The particles are in an
orderly arrangement.
Solid crystals have flat faces,
and sharp
points
high densities
cannot be
compressed
straight edges
The particles are held
together by strong forces
of attraction between
them, in fixed positions.
Solids have shapes
and be
compressed.
The particles can only
vibrate about their fixed
positions.
Arrangement and
movement of particles
Properties of solids
fixed
cannot
Arrangement and movement
of particles
Properties of Liquids
The particles are closely
packed together (but slightly
further apart than those in
solid), with little empty space
between them.
Liquids have
densities and be
compressed.
The particles are in a
disorderly arrangement.
Liquids have fixed shapes.
moderately high
cannot
no
Arrangement and
movement of particles
Properties of Liquids
The particles are held
together by strong forces
of attraction between
them (but slightly weaker
than the forces in a solid)
Liquids be
compressed.
The particles can move
past one another and
throughout the liquid.
Liquids can and
take the of their
containers.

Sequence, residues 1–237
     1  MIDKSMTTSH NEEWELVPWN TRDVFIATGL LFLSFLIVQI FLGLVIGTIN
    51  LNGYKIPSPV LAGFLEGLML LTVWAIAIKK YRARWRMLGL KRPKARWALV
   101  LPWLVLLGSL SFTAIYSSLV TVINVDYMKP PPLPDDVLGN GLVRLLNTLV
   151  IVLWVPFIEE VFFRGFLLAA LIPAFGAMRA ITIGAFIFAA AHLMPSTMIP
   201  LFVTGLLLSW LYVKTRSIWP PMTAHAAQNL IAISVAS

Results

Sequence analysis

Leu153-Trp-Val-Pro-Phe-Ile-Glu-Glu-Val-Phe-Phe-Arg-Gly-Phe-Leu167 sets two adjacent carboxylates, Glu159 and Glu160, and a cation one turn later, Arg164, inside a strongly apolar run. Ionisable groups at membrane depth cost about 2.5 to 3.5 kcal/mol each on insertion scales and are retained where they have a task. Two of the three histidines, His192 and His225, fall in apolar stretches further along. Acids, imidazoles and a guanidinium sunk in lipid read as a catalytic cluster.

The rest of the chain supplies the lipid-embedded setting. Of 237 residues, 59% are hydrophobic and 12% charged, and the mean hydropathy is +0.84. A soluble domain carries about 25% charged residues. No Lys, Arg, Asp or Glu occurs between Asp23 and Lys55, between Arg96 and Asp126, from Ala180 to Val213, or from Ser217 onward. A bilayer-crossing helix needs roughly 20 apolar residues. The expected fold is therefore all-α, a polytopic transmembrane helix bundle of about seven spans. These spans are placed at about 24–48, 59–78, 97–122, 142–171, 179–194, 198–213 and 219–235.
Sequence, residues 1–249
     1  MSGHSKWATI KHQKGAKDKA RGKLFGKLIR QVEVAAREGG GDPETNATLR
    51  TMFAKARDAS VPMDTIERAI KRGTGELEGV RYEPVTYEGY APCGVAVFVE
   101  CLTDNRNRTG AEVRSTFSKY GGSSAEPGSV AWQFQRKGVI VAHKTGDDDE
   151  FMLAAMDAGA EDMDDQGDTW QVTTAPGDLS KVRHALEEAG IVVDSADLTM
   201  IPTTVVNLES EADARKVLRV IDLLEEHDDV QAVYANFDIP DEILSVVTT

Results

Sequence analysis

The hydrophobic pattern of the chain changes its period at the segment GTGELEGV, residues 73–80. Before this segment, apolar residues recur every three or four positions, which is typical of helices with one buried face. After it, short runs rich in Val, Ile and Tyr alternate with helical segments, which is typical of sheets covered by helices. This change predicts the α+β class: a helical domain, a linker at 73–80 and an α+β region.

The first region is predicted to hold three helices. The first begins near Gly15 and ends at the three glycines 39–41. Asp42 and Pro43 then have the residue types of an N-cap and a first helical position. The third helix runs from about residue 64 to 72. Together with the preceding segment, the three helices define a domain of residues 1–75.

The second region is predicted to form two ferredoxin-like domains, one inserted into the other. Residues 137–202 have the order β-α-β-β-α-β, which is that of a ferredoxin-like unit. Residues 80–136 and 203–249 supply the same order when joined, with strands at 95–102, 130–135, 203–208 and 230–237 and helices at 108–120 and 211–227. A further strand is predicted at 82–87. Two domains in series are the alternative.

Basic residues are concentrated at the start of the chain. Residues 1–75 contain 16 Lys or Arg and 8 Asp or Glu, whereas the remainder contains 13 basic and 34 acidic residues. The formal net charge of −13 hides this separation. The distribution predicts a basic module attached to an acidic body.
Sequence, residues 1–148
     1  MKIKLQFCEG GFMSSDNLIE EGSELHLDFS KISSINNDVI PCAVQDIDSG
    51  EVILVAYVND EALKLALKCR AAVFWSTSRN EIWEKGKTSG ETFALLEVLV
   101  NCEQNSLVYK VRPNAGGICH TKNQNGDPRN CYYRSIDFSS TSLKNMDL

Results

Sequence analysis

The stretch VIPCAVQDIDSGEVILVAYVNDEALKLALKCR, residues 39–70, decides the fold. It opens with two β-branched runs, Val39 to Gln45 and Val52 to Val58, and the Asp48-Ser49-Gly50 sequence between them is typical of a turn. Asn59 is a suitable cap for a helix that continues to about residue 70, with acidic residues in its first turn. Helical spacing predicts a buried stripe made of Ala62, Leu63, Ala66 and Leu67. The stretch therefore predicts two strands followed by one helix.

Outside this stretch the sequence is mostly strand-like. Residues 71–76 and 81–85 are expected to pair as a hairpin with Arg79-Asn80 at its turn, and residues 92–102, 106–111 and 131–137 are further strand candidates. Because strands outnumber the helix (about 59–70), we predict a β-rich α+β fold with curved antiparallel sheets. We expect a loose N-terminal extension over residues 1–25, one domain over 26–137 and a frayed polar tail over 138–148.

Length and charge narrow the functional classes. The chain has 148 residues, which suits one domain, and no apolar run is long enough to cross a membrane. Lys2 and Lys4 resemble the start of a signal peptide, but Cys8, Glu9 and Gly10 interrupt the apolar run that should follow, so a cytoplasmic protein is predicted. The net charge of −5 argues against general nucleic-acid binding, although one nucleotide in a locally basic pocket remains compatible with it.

cannot
flow
shape
Arrangement and
movement of particles
Properties of Gas
The particles are far
apart, with a lot of empty
space between them.
Gases have densities
and can be
compressed.
The particles are in a
random arrangement.
Gases have shapes.
low
easily
no
Arrangement and
movement of particles
Properties of Gas
There are no (negligible)
forces of attraction
between the particles.
Gases can be
compressed, hence
volume.
The particles are free to
move randomly in all
directions, at high speed.
Gases have no
shapes and take the
of their containers.
easily
no definite
definite
shape
What we covered for today:
Kinetic Particle Theory
Says that all matter consists of
many, very small particles.
The particles are constantly moving
or in a continual state of motion.
The particles might be atoms,
molecules or ions.
Solids